Seven scientists and other experts went on trial on manslaughter charges Tuesday for allegedly failing to sufficiently warn residents before a devastating earthquake that killed more than 300 people in central Italy in 2009.
The case is being closely watched by seismologists around the world who insist it's impossible to predict earthquakes and that no major temblor has ever been foretold. Last year, about 5,200 international researchers signed a petition supporting their Italian colleagues and the Seismological Society of America wrote to Italy's president expressing concern about what it called an unprecedented legal attack on science.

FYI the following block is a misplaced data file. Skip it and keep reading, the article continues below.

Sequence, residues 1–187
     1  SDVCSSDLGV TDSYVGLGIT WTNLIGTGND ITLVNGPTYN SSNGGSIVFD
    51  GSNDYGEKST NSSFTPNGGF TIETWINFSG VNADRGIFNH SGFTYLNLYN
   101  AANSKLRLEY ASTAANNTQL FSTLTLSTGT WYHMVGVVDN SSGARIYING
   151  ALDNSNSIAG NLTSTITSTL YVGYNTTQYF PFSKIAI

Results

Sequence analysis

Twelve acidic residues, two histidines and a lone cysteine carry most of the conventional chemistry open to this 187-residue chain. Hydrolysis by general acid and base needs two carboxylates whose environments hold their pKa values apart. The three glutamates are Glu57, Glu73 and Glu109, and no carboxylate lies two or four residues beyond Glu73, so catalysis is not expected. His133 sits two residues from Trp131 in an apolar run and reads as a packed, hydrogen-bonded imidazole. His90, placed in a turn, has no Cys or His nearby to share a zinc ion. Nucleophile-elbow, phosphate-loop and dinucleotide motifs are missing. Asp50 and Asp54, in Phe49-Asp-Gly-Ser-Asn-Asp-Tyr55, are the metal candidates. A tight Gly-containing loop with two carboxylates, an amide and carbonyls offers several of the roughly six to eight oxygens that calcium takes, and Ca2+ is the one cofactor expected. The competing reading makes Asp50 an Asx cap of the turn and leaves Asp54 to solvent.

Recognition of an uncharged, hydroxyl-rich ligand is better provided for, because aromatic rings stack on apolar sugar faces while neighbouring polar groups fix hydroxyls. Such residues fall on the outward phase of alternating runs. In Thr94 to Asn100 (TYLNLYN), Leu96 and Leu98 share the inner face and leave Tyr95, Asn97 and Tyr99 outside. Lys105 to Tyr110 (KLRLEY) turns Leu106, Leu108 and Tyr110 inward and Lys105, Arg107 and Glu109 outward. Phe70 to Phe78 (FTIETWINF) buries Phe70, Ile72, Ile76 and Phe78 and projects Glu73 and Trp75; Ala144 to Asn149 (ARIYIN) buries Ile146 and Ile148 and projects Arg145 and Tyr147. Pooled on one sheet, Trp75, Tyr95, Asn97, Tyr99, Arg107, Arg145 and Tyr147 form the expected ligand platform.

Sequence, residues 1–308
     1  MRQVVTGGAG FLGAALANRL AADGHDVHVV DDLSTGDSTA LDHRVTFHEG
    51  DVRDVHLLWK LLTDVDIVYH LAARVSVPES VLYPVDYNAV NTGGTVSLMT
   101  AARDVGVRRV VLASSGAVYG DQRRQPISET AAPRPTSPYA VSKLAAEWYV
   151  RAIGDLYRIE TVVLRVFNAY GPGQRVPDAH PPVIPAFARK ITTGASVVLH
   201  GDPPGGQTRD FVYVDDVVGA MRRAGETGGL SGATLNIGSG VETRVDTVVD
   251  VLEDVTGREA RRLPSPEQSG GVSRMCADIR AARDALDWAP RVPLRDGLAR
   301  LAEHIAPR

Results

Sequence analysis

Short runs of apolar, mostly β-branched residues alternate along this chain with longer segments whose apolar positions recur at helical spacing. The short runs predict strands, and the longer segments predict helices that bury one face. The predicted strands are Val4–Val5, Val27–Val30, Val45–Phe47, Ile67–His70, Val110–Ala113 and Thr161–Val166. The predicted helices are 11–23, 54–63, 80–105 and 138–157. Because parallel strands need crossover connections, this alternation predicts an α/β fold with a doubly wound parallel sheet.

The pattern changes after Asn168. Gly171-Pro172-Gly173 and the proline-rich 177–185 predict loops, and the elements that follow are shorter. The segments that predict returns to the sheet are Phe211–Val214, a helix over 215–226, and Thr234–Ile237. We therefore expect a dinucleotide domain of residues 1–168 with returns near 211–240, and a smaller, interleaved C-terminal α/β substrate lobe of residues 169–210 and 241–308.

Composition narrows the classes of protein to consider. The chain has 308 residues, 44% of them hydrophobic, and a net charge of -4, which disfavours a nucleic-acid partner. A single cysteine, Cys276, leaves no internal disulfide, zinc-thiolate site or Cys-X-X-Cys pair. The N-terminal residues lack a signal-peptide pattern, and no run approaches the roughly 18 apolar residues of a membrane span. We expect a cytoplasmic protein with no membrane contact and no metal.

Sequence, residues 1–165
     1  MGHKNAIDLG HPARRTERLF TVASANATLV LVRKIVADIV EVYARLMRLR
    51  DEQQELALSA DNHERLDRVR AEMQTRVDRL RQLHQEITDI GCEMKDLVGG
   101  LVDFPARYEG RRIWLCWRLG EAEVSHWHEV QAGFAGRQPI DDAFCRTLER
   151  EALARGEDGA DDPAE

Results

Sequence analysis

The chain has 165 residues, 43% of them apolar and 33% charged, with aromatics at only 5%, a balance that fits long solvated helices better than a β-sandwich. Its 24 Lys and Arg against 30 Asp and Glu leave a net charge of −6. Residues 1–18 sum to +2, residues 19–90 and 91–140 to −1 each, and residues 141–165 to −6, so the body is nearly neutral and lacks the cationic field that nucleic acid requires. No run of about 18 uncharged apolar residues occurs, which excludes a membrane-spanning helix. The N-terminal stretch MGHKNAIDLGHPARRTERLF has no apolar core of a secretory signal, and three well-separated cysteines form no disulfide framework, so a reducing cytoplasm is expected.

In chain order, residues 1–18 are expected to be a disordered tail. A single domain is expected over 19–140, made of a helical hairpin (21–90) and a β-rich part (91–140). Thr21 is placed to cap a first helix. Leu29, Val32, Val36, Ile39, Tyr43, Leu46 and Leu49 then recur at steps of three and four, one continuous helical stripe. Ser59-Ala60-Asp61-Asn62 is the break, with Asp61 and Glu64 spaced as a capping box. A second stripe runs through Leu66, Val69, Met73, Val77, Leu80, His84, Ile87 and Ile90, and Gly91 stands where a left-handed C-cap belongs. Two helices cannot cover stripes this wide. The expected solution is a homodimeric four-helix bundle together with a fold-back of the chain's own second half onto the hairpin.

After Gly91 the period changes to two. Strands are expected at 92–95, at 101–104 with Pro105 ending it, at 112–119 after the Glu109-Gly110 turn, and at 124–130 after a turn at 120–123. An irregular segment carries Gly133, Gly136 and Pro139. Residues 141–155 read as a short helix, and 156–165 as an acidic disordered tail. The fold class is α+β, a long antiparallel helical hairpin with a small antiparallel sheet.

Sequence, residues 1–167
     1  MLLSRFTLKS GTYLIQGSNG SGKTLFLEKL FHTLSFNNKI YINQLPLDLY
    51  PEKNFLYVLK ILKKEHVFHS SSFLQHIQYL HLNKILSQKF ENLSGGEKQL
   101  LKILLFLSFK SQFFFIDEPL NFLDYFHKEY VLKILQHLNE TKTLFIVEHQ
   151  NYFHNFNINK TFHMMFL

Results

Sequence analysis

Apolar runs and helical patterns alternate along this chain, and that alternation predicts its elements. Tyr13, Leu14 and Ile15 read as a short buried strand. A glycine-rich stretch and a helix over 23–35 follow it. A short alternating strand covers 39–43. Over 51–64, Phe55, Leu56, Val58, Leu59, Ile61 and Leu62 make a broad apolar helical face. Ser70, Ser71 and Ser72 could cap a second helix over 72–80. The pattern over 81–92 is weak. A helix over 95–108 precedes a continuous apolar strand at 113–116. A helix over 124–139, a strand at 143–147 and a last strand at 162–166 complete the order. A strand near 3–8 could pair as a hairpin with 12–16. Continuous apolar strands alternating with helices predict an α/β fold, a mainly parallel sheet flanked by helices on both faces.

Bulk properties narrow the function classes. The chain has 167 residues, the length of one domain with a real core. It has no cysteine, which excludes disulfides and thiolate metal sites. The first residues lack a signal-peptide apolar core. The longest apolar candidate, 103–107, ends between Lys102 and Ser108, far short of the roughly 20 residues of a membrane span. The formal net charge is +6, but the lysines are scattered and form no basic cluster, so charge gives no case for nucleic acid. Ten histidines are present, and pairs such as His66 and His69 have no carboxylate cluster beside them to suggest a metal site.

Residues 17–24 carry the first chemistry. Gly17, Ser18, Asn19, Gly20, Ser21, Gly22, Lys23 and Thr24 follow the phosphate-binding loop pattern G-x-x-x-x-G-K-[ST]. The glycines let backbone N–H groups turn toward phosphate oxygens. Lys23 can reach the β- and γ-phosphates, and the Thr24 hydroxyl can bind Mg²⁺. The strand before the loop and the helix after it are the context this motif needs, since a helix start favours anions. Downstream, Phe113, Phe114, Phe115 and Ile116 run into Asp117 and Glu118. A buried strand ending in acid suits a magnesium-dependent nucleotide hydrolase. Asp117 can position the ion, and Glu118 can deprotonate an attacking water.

The seven defendants are accused of giving "inexact, incomplete and contradictory information" about whether smaller tremors felt by L'Aquila residents in the six months before the April 6, 2009 quake should have constituted grounds for a quake warning.
Specifically, prosecutors focused on a memo issued after a March 31, 2009 meeting of the Great Risks commission which was called because of mounting concerns about the months of seismic activity in the region.
According to the commission's memo — issued one week before the big quake — the experts concluded that it was "improbable" that there would be a major quake though it added that one couldn't be excluded.
The 6.3-magnitude quake killed 308 people in and around the medieval town, which was largely reduced to rubble. Thousands of survivors lived in tent camps or temporary housing for months.